Fulton says the hardest part of the conference for her was when everyone trekked out to a church built by freed slaves for a memorial ceremony. The group murmured ancestors' names, lit candles and sang in their army.

Unidentified Woman: William T. and Charmaine(ph) Ruth Hairston.

(Soundbite of song 'Amen')

Group: (Singing): Amen, talking with the Father.

MARSHALL-GENZER: But Fulton was consumed by guilt.

Ms. HOLLY FULTON (Descendent of Former Slave Traders): Everybody was asked to come up with a name of an ancestor that they wanted to honor. Of course, for the blacks, no problem. I mean, they probably had a ton of names, and I couldn't come up with anybody, and that made me, and makes me sad.

MARSHALL-GENZER: But Fulton says she was encouraged by the attitude of those around her. Shannon Lanier is a Jefferson Hemmings descendent who grew up in a family he describes as a rainbow. He says he chose to attend the conference because he wanted his family to be part of the solution, not the problem. And he was somewhat surprised by the guilt Fulton and others expressed.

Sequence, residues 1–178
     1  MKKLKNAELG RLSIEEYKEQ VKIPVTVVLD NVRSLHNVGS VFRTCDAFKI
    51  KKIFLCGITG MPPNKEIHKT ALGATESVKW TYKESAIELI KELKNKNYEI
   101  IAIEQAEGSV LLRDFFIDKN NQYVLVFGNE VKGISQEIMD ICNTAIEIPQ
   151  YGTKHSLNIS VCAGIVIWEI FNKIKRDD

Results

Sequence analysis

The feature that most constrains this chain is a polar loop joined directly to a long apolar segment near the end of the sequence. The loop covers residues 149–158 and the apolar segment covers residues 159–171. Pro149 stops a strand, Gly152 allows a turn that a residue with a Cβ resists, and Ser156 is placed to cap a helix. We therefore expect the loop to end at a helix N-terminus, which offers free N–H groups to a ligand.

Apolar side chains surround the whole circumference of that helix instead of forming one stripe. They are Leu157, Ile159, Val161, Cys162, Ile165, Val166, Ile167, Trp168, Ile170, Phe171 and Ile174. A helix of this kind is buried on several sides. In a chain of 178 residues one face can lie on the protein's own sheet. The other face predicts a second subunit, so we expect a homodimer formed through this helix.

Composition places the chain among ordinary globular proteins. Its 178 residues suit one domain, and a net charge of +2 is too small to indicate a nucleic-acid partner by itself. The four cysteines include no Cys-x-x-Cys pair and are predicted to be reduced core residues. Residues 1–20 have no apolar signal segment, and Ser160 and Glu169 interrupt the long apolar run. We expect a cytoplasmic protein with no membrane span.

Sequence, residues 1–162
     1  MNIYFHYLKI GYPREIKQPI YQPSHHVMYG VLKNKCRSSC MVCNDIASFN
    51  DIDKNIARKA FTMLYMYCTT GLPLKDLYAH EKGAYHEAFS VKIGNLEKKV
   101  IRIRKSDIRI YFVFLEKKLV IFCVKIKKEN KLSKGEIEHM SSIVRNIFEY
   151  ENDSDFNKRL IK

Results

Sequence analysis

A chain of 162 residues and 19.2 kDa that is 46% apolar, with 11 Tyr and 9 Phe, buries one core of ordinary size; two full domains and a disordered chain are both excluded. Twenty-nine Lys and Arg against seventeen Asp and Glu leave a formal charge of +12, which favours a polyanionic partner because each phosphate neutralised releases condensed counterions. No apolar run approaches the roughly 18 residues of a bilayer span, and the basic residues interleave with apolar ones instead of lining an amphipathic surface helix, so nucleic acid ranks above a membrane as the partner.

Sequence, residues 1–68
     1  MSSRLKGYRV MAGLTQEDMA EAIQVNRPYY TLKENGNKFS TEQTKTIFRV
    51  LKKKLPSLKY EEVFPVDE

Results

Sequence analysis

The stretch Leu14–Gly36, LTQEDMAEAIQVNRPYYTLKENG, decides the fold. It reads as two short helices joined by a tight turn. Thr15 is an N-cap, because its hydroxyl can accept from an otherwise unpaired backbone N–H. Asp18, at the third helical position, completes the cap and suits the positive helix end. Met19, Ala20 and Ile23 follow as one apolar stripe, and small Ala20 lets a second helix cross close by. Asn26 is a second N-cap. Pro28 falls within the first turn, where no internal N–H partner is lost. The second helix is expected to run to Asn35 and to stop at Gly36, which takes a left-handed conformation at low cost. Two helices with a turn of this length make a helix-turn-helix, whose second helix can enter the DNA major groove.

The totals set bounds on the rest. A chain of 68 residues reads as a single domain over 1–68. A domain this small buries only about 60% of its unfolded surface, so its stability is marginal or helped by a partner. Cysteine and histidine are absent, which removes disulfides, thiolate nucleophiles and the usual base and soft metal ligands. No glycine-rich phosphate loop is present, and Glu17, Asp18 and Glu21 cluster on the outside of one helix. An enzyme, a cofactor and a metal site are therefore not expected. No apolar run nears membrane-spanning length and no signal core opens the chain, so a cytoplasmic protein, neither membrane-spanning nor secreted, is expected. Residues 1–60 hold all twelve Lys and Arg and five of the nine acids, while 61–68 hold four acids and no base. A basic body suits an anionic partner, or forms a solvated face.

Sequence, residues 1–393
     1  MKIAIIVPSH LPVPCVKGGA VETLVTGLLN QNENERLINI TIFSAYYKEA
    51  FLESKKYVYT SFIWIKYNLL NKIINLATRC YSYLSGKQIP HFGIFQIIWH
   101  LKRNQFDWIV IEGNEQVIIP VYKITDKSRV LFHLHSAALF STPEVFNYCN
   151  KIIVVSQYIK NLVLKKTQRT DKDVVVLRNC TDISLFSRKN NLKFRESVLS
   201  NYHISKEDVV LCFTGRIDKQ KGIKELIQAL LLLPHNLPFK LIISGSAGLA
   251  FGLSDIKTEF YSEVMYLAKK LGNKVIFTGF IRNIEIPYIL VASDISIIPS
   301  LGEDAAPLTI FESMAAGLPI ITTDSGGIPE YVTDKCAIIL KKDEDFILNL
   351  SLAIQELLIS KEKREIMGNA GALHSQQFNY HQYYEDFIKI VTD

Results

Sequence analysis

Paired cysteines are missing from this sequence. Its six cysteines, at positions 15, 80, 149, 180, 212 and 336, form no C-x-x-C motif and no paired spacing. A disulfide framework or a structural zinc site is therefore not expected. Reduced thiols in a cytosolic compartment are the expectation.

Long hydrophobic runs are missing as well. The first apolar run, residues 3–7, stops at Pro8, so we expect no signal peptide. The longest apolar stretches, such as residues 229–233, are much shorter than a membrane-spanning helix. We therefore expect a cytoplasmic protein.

Mr. SHANNON LANIER (Family of Former Slaves): They did not enslave me. They did not hold my family members captive. It was the ancestors. I can't blame someone currently living today for something that their ancestors had a part in, because that person here today did not it.

MARSHALL-GENZER: Conference organizer, Will Hairston says that kind of conciliatory language between blacks and whites is rare, because both races avoid the topic of slavery. Hairston says he wants to continue bringing the descendents of slaves and slaveholders together to honor the dream Martin Luther King, Jr. didn't live long enough to fulfill.

For NPR News, I'm Nancy Marshall-Genzer.